7. Soya

There are two types of soya allergy: ‘IgE mediated’ (where the allergic reaction is immediate) and ‘non-IgE mediated’ (where the allergic reaction is delayed). Soya is a food protein derived from the soya bean, which is a legume. Soya beans may be eaten fresh but are more usually dried. They are often called edamame when fresh or frozen. Soya (also known as soy) is a common ingredient in many foods . The beans are ground to make soya flour, which is often found in bread and baked goods, including some baked bean products.

8. Milk

Milk proteins are found in many foods, including all dairy products, and in many places where they might not be expected. For example, some canned tuna, sausage, meats and other non-dairy products may contain casein. Beverage mixes and body-building and energy drinks commonly contain whey. Milk protein has also been found in some chewing gum.

9. Nuts

There’s often confusion between peanuts and tree nuts. Peanuts are legumes, not nuts; still, between 25 and 40 percent of individuals who are allergic to peanuts also react to at least one tree nut. Tree nuts are in a different botanical category and include almonds, hazelnuts, walnuts, cashew nuts, pecans, Brazil nuts, pistachios and macadamia nuts.

10. Sesame seeds

Those who are allergic to sesame you must seek to avoid it completely, as even a tiny amount may trigger a severe reaction. Watch out for sesame in Asian cuisine, cereals and crackers.

11. Sulphur Dioxide

Sulphur dioxide is produced naturally in the production process of wine and beer and is sometimes used as a preservative for dried fruits owing to its antimicrobial properties, (it is sometimes called E220 when used in this way.)

12. Molluscs

Oysters, clams, mussels and scallops are all molluscs. As with crustaceans they often fall under the label of ‘shellfish’.CeleryCelery is used in food in various forms including: sticks, leaves , spice and seeds, which can be used to make celery salt. People with a celery allergy should also be made aware if a dish contains celeriac. Celeriac and celery are varieties of the same species.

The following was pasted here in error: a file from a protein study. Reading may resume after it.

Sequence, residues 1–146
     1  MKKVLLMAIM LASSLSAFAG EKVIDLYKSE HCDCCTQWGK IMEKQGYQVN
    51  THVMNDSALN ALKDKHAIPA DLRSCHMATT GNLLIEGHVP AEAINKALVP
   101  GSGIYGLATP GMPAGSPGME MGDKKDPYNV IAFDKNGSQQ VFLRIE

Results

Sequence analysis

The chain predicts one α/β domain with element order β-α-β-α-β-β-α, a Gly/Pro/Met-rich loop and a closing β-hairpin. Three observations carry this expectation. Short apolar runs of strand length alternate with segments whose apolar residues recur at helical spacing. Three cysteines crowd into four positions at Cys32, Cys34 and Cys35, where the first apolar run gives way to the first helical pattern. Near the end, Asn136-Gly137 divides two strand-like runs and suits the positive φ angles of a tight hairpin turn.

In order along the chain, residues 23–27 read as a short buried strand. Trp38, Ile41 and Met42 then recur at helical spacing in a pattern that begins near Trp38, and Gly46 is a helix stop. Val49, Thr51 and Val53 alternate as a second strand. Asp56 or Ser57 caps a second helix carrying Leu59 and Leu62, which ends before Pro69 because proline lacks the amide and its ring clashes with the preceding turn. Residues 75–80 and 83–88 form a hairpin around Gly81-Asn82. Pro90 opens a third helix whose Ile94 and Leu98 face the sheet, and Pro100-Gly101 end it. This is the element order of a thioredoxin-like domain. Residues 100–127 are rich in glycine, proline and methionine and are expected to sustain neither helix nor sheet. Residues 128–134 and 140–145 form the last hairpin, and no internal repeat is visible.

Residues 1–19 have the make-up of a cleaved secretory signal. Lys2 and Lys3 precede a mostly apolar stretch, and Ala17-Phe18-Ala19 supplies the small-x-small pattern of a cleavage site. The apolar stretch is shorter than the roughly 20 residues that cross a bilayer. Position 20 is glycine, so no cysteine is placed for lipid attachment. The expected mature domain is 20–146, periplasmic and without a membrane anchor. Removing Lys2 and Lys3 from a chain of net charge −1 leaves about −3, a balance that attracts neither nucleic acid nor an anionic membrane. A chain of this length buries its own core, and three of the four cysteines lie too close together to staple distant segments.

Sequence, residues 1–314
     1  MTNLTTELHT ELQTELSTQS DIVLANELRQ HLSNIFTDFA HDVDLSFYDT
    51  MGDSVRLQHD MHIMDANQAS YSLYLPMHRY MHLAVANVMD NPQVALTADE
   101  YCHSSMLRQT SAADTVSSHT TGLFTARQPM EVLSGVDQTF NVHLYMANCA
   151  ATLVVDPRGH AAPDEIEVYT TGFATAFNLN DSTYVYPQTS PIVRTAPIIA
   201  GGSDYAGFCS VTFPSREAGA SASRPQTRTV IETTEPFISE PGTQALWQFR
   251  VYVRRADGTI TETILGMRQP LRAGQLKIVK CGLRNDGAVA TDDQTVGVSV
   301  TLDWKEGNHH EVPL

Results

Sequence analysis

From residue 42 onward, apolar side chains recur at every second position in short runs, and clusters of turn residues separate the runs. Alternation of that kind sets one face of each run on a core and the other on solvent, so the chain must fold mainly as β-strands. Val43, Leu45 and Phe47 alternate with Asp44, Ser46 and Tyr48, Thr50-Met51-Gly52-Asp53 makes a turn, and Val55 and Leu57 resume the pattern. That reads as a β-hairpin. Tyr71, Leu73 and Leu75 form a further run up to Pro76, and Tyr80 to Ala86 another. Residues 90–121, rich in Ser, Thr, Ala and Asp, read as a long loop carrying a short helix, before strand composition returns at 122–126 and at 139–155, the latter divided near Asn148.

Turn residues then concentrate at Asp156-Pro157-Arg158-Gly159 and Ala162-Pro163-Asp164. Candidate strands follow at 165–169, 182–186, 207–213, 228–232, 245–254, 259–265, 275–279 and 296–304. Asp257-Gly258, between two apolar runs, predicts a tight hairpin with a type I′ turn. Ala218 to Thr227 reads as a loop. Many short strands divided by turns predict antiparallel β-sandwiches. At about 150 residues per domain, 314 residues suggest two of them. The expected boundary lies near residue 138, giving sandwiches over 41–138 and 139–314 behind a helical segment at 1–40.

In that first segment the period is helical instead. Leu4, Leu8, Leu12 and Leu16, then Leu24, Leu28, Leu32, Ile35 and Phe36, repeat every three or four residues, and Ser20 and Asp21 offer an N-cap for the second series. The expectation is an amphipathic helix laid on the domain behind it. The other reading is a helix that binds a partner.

13. Mustard

In addition to jars of mustard, there are other foods derived from the mustard plant. These include mustard leaves, seeds, flowers, sprouted mustard seeds, mustard oil, and all foods that contain these.

14. Lupin

The seeds from some varieties of lupin plants are also cultivated as food. These are normally crushed to make lupin flour, which can be used in baked goods such as pastries, pies, pancakes and in pasta.

For more information about the 2014 allergen legislation and how it affects your business read our blog post Food information regulations, how far have we come?

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Further Reading

https://www.anaphylaxis.org.uk/?gclid=EAIaIQobChMI8If2m_WS1gIVQ77tCh0IaA5tEAAYASAAEgIu-fD_BwEhttp://allergytraining.food.gov.uk/english/food-allergy-facts.aspxhttps://www.food.gov.uk/science/allergy-intolerance/label/labelling-changes